The Gill Man of Thetis Lake
Cadborosaurus isn’t the only monster that’s been sighted in waters around Victoria. On August 22, 1972, the Victoria Daily Times reported that two teenage boys were chased from the beach at Thetis Lake by an animal “roughly triangular in shape, about five feet high and five feet across the base.” In addition, one of the boys said he had been cut on one hand, “by six razor-sharp points on the monster’s head.” A few days later, two more boys said they’d seen a similar creature swimming in the lake, “shaped like a human body,” but with “a monster face” and “covered with scales.”
The mystery was solved soon afterward. On August 26, the Province newspaper said police got a call from a man who’d lost a teju lizard (below left) in the area the previous year. Tejus, which are native to South America and often kept as pets (their mottled black-and-white skins are also used for cowboy boots), grow up to three feet long. The police decided the lizard matched the monster’s description, and closed the case.
Since teju lizards live for about 15 years, the one in Thetis Lake is likely dead by now – although W. Haden Blackman suggested in his 1998 Field Guide to North American Monsters that something's still lurking around. “If you do come across it, remember these kind of creatures are all considered extremely dangerous,” wrote Blackman, who told would-be hunters to carry a flaming torch to prevent an attack – a bit of advice far more deadly in the tinder-dry park than any old reptile.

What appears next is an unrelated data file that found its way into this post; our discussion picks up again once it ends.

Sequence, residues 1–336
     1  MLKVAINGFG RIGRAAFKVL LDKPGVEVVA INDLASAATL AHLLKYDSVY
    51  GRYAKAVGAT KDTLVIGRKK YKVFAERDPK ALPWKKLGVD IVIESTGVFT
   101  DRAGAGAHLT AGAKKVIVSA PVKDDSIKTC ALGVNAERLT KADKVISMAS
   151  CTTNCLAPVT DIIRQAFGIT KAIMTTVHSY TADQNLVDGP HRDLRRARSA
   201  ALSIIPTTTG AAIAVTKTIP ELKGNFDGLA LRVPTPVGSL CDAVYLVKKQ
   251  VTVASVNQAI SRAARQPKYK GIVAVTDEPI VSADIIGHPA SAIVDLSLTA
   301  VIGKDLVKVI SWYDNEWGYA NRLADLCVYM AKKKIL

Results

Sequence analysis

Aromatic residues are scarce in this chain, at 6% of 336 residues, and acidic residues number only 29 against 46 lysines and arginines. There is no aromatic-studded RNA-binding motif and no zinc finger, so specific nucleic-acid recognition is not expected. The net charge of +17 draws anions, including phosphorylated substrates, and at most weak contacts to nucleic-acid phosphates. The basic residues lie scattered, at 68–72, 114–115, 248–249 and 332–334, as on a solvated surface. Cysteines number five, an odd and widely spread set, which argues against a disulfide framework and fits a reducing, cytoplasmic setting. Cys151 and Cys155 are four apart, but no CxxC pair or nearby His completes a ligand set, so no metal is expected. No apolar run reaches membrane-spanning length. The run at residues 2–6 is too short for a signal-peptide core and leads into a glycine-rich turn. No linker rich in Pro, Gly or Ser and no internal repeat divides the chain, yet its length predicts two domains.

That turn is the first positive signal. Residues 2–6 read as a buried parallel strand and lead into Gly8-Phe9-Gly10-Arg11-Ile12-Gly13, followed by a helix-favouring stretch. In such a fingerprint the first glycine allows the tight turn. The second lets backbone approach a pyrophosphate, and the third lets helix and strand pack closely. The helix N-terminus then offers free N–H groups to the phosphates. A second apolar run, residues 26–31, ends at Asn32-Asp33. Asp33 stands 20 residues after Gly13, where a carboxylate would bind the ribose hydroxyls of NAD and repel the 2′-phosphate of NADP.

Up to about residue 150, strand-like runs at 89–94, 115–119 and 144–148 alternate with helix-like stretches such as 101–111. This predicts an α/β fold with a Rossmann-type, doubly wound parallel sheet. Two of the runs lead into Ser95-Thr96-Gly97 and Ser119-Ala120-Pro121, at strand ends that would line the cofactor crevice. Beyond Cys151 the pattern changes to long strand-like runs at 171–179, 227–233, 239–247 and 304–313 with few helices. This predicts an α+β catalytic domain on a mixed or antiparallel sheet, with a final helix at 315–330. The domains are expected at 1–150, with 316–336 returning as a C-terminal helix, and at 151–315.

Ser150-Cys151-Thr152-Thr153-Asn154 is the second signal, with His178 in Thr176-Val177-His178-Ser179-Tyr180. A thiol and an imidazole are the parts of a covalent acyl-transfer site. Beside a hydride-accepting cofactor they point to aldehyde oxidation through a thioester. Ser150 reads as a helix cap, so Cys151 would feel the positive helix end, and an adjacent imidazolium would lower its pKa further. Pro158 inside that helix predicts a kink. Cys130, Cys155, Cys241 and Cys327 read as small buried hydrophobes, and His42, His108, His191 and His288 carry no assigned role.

UPDATE (November 17, 2009): Daniel Loxton, the Victoria-based editor of the kid-friendly Junior Skeptic magazine, has been hot on the trail of the Thetis Lake Monster ... and he suggests that nothing was in the lake at all back in 1972.
Loxton wasn’t satisfied with the theory that a pet teju was loose. He spoke with a Royal B.C. Museum expert, who said the South American lizard probably wouldn’t have survived a Victoria winter. Loxton also noted a strange coincidence: a week before the first sighting, local TV station CHEK broadcast Monster From The Surf (aka Beach Girls and The Monster), a B-movie about a gill-man with a triangular head attacking teenagers. Watch the goofy trailer:
Then, in an investigative coup, Loxton tracked down one of the boys involved in the second sighting. Now 49 years old, the guy confessed that the story “was just a big lie,” cooked up by his friend to get attention.
So why does the legend endure? Loxton says it’s mainly because cryptozoologists (mystery-creature researchers) have continued to write about it, embellishing the descriptions over the years with details like “webbed hands,” giving the story a realism not found in the original news reports. The lesson for young readers, Loxton says, is that “cryptozoologists don’t do their homework.” But the publicity hasn’t hurt: thanks to those writers, the Thetis Lake Monster was immortalized as a plastic figurine by a Japanese toy company in 2002.